Computer-aided engineering (CAE) systems help manufacturers to design parts with the ideal topology (inner and outer shape and structure) to withstand the conditions under which they will operate, such as specific temperature and pressure conditions, vibrations, and various stresses and strains, and to produce them with as little raw material as possible. In sum, CAE enables industrial design software to optimize part topology.
By deploying topology optimization software, manufacturers virtually sculpt lighter parts using a given amount of raw material and monitoring their strength.
These attributes are a function of the design. “You input parameters into the software with the properties and other characteristics the part needs to have, and the program shows the design path that has to be followed in order to achieve your goals,” says mechatronic engineer Ricardo Doll Lahuerta, principal investigator for a research project that is promoting a significant quality enhancement in this type of tool.
Recently launched, and with several upgrades in progress, Virtual.Pyxis has already been licensed to advanced research departments of major multinationals and the Massachusetts Institute of Technology (MIT) in the United States, one of the world’s leading research and education institutions.
The tool enables engineers to design stronger and more versatile parts while shortening lead time and development cost.
This type of software typically requires information on the conditions under which the part will operate, such as stress, compression, vibration and temperature, as well as other design constraints, including maximum flexibility and deformation. Details of the manufacturing process to be used, such as polymer injection, casting or 3-D printing, are also key inputs for CAE programs.
Virtual.Pyxis is distinguished mainly by its next-generation algorithm, which gives it the capacity to process a far larger number of variables and constraints for considerably less cost than commercially available programs.
“Our algorithm can process more variables without the need for much more computational capacity,” Lahuerta explains. “As a result, any structural design can be developed with greater precision at a much lower cost. It’s especially useful for designing mechanisms that need to be flexible, in which case many more variables have to be computed. Most of today’s topological optimization programs pursue maximum rigidity, but that’s not always ideal in a design project.”
Virtual.Pyxis is capable of more complex analysis and can work with non-linear materials. It also enables the design of very precise frequency constraints, an important attribute to ensure that adjacent parts vibrate at the same resonant frequency. It is also capable of using different external calculus solvers, including those most used by the machine and metalworking industries.
VirtualCAE’s software has immediate applications in a swathe of industries. It is already being used to design automotive components, farm implements, railroad equipment, and safety-linked vehicle parts. It can also be used to develop lower-cost production processes, as in the case of certain parts made by casting instead of creasing, folding and welding. Castings have better mechanical properties, last longer, use fewer components, and can be assembled faster because no welding is required. “FAPESP’s support has been essential,” says Valmir Fleischman, VirtualCAE’s founding partner.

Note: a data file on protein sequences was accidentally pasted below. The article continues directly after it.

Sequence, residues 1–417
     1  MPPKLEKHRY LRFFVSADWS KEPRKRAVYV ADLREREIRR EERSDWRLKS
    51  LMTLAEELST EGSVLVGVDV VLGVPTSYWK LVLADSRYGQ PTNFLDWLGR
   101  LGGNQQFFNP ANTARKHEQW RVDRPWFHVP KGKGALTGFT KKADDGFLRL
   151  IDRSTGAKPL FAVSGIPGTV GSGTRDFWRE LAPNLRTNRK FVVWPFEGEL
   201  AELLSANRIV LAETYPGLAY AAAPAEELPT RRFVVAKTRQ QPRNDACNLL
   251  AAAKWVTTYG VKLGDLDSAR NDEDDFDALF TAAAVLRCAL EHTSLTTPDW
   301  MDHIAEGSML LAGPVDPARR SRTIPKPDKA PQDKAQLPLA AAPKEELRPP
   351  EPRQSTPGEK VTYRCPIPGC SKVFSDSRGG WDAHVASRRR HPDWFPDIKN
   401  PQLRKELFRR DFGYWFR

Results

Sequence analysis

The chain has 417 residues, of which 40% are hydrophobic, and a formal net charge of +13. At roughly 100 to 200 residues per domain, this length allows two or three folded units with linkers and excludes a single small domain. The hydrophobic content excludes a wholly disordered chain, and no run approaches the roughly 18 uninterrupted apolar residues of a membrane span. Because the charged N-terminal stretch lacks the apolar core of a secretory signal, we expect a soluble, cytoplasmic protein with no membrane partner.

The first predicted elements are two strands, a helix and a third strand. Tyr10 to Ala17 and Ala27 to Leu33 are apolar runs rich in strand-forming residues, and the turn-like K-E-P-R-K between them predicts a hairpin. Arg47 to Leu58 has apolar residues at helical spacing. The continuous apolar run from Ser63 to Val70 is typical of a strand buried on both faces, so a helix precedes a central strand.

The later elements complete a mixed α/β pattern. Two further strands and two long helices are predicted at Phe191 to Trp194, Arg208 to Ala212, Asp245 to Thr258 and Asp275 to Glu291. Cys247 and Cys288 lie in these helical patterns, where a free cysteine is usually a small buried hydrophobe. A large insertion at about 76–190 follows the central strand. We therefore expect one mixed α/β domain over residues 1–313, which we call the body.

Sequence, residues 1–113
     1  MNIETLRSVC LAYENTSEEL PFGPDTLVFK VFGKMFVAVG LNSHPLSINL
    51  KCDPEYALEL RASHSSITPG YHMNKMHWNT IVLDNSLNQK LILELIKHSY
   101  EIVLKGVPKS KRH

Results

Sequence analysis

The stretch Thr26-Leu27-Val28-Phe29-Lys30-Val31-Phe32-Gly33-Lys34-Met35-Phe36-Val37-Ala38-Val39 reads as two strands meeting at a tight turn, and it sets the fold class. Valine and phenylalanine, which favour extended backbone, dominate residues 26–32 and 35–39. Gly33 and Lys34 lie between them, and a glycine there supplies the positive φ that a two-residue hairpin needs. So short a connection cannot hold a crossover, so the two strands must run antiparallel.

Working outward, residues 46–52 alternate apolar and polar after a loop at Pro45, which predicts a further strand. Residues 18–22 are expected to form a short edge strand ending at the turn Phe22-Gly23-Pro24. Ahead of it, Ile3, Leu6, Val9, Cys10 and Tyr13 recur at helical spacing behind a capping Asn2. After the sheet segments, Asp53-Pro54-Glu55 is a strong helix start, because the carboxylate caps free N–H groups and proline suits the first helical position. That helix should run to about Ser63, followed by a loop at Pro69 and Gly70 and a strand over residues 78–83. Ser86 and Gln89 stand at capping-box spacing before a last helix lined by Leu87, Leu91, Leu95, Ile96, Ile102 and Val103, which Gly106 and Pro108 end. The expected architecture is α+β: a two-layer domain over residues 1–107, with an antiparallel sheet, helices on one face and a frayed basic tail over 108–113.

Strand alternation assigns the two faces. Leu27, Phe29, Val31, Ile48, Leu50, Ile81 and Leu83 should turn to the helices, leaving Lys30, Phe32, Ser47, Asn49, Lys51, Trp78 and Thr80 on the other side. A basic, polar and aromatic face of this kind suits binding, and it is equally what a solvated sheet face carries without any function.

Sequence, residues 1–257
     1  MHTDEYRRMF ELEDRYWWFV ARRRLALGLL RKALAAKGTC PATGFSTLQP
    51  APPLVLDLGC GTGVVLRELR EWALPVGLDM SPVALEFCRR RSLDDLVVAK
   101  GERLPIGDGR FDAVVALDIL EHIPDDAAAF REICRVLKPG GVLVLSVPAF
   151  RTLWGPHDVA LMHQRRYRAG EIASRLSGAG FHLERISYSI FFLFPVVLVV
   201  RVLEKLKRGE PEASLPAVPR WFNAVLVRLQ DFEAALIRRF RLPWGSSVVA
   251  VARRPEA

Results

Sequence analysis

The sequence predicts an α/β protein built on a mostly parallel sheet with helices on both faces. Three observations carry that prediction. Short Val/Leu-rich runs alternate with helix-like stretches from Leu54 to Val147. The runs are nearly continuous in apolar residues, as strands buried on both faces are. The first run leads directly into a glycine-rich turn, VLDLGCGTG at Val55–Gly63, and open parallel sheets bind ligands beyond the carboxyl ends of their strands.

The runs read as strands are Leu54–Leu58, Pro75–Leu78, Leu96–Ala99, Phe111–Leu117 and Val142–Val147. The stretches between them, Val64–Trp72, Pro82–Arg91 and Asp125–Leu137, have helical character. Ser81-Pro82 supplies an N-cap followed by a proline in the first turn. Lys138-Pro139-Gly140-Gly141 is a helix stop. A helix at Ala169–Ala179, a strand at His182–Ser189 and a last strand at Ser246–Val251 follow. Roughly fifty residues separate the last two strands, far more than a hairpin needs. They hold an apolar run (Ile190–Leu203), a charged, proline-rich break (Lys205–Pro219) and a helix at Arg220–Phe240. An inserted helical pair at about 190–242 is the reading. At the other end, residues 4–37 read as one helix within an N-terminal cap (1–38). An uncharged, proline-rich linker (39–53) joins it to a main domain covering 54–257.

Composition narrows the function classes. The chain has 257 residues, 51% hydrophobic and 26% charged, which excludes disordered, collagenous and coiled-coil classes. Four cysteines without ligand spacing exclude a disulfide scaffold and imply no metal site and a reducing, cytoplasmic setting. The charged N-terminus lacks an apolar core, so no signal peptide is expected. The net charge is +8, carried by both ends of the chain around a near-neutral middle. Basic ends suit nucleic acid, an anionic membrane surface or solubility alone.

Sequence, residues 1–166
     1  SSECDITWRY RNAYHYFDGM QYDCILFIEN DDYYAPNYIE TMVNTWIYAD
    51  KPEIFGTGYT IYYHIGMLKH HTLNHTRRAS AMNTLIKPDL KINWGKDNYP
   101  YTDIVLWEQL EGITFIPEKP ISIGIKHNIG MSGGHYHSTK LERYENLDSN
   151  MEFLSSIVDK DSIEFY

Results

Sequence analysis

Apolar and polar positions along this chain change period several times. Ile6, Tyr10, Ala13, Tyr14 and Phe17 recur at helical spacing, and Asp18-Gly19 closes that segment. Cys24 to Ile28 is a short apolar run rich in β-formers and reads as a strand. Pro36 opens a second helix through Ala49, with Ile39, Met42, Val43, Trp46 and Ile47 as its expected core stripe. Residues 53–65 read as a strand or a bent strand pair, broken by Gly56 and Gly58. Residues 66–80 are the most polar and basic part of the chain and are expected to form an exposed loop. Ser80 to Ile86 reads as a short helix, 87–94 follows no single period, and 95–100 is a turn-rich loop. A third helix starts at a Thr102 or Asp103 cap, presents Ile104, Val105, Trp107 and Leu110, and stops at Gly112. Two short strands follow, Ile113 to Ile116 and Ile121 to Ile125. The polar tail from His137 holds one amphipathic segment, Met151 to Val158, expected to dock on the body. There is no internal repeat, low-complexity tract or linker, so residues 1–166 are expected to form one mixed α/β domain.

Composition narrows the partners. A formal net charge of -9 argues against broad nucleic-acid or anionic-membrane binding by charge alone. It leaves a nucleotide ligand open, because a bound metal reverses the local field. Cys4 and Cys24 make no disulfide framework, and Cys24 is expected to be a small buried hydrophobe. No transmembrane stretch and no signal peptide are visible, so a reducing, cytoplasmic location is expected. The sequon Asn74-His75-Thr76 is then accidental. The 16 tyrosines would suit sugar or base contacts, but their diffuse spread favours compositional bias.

Even more applications are foreseen in the future. For example, enhanced prosthetic and orthotic devices. “Excessive rigidity in bone prostheses, for example, tends to weaken the bone to which they’re connected. The program enables prostheses to be designed with the ideal degree of flexibility,” Lahuerta says.
He adds that the development of 3-D printing, which builds objects gradually, layer by layer, will enable parts to be produced from various materials combined in a structure with more advanced properties. These objects would be far harder to obtain with today’s manufacturing processes.
“In the future, we’ll be able to design the inner structure of a part combining materials on an ever-smaller scale until we reach the atomic scale, significantly extending design possibilities. For example, we’ll be able to design a part with certain intelligent characteristics, making it lighter and more efficient. With the software tools currently available, this would require prohibitively expensive computational capacity,” Lahuerta says.
“Our software is easier to customize, and with access to training in its use, our customers are often able to pay for their investment in Virtual.Pyxis out of their very first design,” says Leandro Garbin, a founding partner of the firm that is putting all its chips on innovation.
The program is still being upgraded, but VirtualCAE has already licensed it to important multinationals such as Thyssenkrupp (China unit), the American agricultural equipment manufacturer AGCO, and even one of MIT’s research laboratories that provides services to the US Department of Defense. Thanks to innovation, the firm has opened branch offices in Germany and the US and has representatives in Mexico, Colombia, Turkey, China and Taiwan.
Toward additive manufacturing